4 Questions to Ask Yourself Before Purchasing a House
As a homeowner, you will have the freedom and personal space that renting simply doesn’t provide, but you should know that commitments and new responsibilities will be part of the experience also. Nobody takes the process of purchasing a house lightly – people know they need to educate themselves about general real estate terminology, from mortgages and loans to home inspections. While these things are important, they don’t provide you with complete clarity in reaching the right decision.
As much as it takes research, deciding to take the plunge into real estate ownership also requires a serious chat with yourself. Some of these questions may feel uncomfortable, some may seem difficult to answer. But the only way to be certain that purchasing a house is the right decision is to have clearly defined answers for them.
Is It Really Your Decision and What Are the Reasons?
It’s a fact that many people jump into buying a house influenced by friends or family. It’s easy to get carried away if people tell you only a fool wouldn’t invest when prices are so low. Prices may be low, but the last housing boom was from 2000 to 2006 and analysts agree that we’re not gonna see it again any time soon. So going for it as an investment is actually not a great idea, especially compared to possible issues that might prop up – hidden costs, unexpected maintenance, monthly mortgage payments that are too high, etc.
But even if the decision is yours, that doesn’t mean its right. If the reason behind it is just pride of ownership, forget it. If you really want to purchase something, you should be able to understand why. Our reasoning can often trick us, so you need to back it up with facts. For example, if your reason lies in the fact that it’ll be less expensive than to rent, don’t call it a fact until you’ve done the research to see if this is right for you.
What Do You Want to Do with Your Life?
This question might feel uncomfortable if put like this. But it’s the most important question on this list. According to experts, the housing market will need at least five years to fully recover, so that’s the amount of time you’ll need to spend in your house without risking the loss of money. We all have dreams and hidden desires, and if yours is to move to Hawaii than the purchase is probably not a good idea.
Of course, it doesn’t have to be anything that big. Just imagine yourself living in the neighborhood you’ve picked for 5 years. While there are some common things that constitute a desirable neighborhood – vicinity of parks, good school districts, medical institutions, etc. – different generations have different preferences. If you want to have kids, their needs will be different then yours and you need to take this into account. So this is not about having an exact plan for the next five years or looking at a crystal ball to predict the future. It is simply about your wants and desires.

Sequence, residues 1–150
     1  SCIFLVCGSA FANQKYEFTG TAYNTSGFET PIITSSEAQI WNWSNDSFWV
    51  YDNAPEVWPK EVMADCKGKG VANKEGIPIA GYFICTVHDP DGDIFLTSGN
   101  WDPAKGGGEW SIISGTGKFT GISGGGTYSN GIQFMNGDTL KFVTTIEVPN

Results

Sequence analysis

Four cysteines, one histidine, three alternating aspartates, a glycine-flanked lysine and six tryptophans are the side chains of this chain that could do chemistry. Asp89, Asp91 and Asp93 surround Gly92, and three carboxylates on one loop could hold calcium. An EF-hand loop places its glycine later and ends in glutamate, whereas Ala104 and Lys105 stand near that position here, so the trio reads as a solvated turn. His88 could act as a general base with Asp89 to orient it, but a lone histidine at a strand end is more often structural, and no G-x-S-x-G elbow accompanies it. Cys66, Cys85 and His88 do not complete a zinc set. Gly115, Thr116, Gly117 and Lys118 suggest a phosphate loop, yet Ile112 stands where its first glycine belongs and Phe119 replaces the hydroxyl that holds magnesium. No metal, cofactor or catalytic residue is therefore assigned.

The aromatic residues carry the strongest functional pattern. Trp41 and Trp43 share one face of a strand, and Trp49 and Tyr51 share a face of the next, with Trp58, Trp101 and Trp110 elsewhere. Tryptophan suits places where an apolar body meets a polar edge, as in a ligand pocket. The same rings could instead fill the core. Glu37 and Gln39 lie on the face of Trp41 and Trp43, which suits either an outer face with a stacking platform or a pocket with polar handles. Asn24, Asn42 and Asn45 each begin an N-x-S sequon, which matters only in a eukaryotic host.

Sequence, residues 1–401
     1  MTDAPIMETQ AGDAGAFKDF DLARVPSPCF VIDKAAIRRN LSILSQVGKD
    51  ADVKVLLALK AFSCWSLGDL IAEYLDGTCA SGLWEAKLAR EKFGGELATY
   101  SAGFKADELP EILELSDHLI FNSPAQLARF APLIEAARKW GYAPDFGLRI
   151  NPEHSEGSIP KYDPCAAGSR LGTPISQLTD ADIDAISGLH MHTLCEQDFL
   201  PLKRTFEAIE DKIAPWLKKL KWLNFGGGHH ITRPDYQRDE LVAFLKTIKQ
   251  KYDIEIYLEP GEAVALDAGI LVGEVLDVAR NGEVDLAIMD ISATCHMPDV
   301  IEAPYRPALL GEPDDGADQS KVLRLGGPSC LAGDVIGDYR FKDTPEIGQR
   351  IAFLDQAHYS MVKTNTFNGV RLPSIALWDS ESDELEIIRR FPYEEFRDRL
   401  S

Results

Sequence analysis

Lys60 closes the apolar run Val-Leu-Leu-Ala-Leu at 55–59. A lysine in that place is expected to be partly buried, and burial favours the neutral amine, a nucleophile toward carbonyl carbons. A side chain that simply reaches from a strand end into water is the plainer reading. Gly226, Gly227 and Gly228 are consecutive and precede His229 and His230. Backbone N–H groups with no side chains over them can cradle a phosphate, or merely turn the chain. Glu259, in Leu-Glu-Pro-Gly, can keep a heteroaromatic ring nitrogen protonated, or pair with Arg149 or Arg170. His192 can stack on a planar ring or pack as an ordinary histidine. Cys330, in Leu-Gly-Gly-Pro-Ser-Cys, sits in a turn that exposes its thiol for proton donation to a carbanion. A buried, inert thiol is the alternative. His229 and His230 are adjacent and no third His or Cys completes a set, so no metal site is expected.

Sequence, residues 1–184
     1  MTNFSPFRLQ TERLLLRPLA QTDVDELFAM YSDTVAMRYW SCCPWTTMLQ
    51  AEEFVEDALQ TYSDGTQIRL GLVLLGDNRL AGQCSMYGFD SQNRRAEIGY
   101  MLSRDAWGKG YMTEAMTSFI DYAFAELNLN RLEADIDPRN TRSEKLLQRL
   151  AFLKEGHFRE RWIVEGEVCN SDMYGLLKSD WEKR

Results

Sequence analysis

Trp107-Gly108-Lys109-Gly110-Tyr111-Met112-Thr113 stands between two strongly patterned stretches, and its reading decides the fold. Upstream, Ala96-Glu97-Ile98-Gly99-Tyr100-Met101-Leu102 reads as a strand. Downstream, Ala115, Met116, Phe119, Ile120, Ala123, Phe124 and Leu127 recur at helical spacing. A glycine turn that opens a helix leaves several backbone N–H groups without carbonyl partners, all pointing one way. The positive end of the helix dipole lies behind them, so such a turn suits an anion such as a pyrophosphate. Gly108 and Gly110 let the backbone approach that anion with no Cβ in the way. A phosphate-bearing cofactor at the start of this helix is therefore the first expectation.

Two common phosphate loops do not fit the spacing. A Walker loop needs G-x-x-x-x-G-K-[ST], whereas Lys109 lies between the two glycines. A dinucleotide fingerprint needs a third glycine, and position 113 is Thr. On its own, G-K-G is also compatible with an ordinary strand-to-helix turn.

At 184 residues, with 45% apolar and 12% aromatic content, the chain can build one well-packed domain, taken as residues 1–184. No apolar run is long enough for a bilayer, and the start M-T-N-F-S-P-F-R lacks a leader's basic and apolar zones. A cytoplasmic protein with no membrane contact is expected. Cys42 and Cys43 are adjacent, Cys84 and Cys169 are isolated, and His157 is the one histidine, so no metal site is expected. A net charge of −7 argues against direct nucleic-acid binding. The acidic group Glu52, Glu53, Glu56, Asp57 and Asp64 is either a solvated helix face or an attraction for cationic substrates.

Are Your Ready to Give up Your Routine?
Let’s face it – our lives consist of routines. If you enjoy walking to work, commuting by car can change the whole perception of that experience. If you have to swap running in a park for a gym, that might change your motivation to workout. Sometimes even simple things, like going to a local coffee shop every morning, can mean a lot to us. The question is – are you ready to give up on them? Are you able to adapt?
Luxurious vacations or drinks at the pub every night are also a part of our routines. Then there are hobbies, which can also be expensive. Or you simply won’t have as much time for them as before. We already said that homeowners acquire a lot of new responsibilities. Some will take time to handle, some money, some both. You have to be ready for unexpected repairs, general maintenance, and upkeep, which will certainly break your routine. Neglecting new costs and responsibilities can lead to a financial mess. If you’re not ready to give up your routine, it will only fill your life in the new home with regrets.
Do You Lead a Stable Life?
Probably another uncomfortable question. But committing to a 10-year mortgage is not an easy thing, not to mention a 30-year one. You need to have a steady job which makes you feel safe for a venture like that. And you need savings that will cover at least six months of your mortgage in case that job turns out not to be as safe as you thought.
But stability is not all about finances. On a much larger scale, it is a question of whether you’re comfortable with your life. Are you satisfied with your relationship? Are you happy with your marriage? Are you sure you can depend on your partner or your spouse? Divorce can lead to home foreclosures as much as job losses do.
As you can see, we’ve barely touched the question of finances. It’s not that they’re not important, but it’s a mathematical equation. But If you don’t have a real reason for buying a house, if you have suppressed dreams and desires that pull you somewhere else entirely, if you couldn’t survive without your routine and if you’re not happy and comfortable with your current life situation – there’s simply no point in calculating.
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